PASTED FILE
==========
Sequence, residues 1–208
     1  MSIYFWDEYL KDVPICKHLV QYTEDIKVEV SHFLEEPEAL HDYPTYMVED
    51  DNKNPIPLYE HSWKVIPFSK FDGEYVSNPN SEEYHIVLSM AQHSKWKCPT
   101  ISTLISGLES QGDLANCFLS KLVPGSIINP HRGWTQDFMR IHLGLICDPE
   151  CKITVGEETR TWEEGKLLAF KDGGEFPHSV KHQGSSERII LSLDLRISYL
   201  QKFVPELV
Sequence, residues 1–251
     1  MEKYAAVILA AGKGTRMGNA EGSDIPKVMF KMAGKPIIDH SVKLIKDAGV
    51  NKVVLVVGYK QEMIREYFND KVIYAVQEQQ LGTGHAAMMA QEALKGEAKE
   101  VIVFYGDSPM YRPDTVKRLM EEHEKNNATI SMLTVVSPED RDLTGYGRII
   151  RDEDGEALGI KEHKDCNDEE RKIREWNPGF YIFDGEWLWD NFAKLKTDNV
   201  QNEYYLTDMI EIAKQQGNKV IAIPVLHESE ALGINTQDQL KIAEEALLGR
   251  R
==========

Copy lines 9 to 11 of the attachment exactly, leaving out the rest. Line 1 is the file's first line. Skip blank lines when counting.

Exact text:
    51  NKVVLVVGYK QEMIREYFND KVIYAVQEQQ LGTGHAAMMA QEALKGEAKE
   101  VIVFYGDSPM YRPDTVKRLM EEHEKNNATI SMLTVVSPED RDLTGYGRII
   151  RDEDGEALGI KEHKDCNDEE RKIREWNPGF YIFDGEWLWD NFAKLKTDNV